- I do not disagree with the underlying statement of principle that informs that submission. An exact correlation between intent and outcome is not, in my judgment, required for there to be discrimination or victimisation. What, however, I conclude is fatal for the Claimant here, is that the ET clearly found a break in the causation (contrary to her case). The ET expressly found that Mr Martin disagreed with Mr Grinfeld and it was Mr Martin's advocacy in favour of extending the probation period that influenced the majority of the Board.
- Applying the guidance laid down in Reynolds, the ET was entitled to look at what really informed the decision in question. It was best placed to make the requisite assessment given that it heard the evidence, challenged as it was in cross-examination. I do not think that the ET lost sight of the criticisms the Claimant was making of Mr Grinfeld or, indeed, of its own findings adverse to him, which meant that his own report to the Board was tainted. It was, however, entitled to form a view as to who really informed the decision to extend the Claimant's probation period and I must respect its conclusion that that was Mr Martin, who disagreed with Mr Grinfeld in that respect.
- I conclude, therefore, that although the Claimant might have had some reason for the criticism that underpins ground 2, that ultimately goes nowhere because the answer to ground 1 is that the ET reached a decision open to it on its findings of fact and did not thereby err in law.
- That is also an answer to the Claimant's other grounds of appeal. The objection to the ET's findings on the extension of the probation period was rightly put by Mr Keen as the high point of the Claimant's challenge on appeal. Having concluded, as I have, that the appeal must fail on the extension of the probation period, that effectively answers the objections taken on various bases to the ET's conclusions on the decision to dismiss and also the rejection of the appeal. Indeed, the position is made all the more plain on those points by the ET's very clear findings that Mr Radford on the decision to dismiss and Mr Martin on the subsequent appeal were not influenced by Mr Grinfeld, but took their decisions for non-discriminatory reasons, namely the Claimant's own failure to meet the performance requirements made of her.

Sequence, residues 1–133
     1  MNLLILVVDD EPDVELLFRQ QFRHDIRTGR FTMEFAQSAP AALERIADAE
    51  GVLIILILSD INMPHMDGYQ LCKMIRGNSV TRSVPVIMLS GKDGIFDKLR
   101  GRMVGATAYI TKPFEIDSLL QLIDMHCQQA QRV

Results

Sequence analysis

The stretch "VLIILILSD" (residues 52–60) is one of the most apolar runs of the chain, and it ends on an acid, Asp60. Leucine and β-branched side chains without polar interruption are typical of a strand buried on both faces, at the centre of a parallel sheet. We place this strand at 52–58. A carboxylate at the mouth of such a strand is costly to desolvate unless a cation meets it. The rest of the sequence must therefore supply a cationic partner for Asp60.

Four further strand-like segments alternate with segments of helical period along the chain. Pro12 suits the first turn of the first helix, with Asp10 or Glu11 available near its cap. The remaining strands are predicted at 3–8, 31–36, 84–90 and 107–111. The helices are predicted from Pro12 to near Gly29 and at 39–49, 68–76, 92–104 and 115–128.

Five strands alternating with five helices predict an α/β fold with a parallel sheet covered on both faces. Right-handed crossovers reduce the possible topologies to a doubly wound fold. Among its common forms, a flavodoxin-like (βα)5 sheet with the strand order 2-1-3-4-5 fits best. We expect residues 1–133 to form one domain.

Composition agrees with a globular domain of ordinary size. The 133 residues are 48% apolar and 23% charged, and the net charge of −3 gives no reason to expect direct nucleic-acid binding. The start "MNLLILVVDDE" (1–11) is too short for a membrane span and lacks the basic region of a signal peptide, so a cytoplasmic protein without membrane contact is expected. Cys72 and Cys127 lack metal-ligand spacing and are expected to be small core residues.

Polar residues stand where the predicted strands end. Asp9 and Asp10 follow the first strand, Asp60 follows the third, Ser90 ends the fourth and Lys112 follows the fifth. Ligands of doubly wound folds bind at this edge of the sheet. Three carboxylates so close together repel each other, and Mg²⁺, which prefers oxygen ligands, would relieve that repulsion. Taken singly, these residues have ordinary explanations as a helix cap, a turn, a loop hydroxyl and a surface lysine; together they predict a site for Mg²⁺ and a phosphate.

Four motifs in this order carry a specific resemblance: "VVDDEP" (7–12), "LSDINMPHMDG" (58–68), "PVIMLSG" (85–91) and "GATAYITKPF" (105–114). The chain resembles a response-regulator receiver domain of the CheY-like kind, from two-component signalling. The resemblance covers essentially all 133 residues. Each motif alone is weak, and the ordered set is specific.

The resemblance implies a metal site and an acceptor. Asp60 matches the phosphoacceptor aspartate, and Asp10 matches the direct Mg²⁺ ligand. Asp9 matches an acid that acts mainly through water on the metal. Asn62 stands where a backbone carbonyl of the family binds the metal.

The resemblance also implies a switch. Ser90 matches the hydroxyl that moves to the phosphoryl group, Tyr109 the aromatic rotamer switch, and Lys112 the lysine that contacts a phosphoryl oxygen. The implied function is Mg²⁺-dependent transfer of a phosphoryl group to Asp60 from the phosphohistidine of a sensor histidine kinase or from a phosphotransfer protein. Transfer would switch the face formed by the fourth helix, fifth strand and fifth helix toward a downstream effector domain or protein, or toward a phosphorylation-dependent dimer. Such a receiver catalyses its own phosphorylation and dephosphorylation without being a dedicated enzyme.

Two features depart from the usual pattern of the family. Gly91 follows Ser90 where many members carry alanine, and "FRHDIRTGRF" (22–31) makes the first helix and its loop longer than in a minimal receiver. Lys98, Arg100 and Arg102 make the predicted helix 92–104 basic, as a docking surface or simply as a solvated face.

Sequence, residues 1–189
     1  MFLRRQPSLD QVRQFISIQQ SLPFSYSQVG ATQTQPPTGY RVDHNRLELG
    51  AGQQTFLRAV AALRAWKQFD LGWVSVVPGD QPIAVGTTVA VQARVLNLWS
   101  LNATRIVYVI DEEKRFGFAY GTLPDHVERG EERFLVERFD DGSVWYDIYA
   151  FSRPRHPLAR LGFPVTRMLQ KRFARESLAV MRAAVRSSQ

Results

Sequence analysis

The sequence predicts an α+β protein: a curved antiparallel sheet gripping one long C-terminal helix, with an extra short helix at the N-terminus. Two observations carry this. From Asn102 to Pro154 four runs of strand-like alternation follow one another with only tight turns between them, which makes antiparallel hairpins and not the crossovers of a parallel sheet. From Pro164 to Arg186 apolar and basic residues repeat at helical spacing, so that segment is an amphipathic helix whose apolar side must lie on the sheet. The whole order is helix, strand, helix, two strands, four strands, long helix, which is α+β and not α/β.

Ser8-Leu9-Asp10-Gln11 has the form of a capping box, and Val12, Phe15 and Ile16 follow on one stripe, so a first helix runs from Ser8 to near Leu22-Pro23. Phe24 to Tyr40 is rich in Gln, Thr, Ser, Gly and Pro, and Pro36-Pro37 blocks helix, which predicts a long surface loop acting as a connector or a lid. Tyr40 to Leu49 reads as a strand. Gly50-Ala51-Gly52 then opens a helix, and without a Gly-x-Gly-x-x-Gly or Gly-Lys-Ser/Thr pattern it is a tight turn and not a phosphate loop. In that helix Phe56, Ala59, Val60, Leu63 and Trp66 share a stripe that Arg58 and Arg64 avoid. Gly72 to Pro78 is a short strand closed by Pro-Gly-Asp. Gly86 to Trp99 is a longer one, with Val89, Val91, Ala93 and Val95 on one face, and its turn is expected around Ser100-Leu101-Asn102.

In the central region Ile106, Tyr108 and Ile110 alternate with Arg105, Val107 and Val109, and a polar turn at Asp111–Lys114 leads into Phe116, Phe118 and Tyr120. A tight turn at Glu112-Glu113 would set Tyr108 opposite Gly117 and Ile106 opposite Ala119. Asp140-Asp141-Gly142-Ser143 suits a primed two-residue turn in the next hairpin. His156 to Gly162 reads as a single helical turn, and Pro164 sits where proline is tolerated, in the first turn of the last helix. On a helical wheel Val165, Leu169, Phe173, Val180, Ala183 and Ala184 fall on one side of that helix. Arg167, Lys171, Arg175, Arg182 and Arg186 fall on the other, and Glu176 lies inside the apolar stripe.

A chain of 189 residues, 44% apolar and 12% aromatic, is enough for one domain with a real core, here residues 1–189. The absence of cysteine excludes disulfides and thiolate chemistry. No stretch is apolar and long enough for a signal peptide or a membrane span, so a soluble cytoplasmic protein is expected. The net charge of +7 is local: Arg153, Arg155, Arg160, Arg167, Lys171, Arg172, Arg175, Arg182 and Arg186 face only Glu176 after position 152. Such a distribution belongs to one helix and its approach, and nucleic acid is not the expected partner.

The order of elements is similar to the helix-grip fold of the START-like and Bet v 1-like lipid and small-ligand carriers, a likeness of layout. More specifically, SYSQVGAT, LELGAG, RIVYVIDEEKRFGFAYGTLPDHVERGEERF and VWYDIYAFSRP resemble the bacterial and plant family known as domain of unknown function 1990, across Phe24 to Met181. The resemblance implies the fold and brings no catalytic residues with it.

- Similarly, on the ET's rejection of the Claimant's victimisation complaint. Although it would have been better if the ET had more fully explained its conclusion by reference to the relevant statutory test, taking its reasoning as a whole (as, again, I am required to do), it is apparent the ET accepted that the Respondent had provided an explanation other than the protected act as the reason for its conduct; it accepted the Board had been persuaded by Mr Martin - disagreeing with Mr Grinfeld - that the Claimant's probation period should be extended in July 2013 and specific targets set. By thus concluding, the ET was expressly rejecting the Claimant's case that it was Mr Grinfeld who had brought this about as an act of victimisation. It equally rejected the Claimant's complaint that the decision that she be dismissed was because of a protected act.
- When giving its self-direction on the law, the ET made clear it understood the different statutory tests. Its failure to repeat the test under section 27 in its conclusions does not, of itself, taint its finding on the victimisation complaint. Moreover, I am satisfied its conclusion is not tainted as a matter of substance or reasoning; looking back at the earlier findings, it is clear the ET concluded the actions complained of took place for reasons other than the protected act.
- Although the ET's Judgment may not be a model of its kind, the reasoning - taken as a whole - is adequate to the task and I am satisfied that it enables the parties to understand why the ET reached the decisions it did. For all those reasons I dismiss the appeal.
Published: 11/04/2016 10:44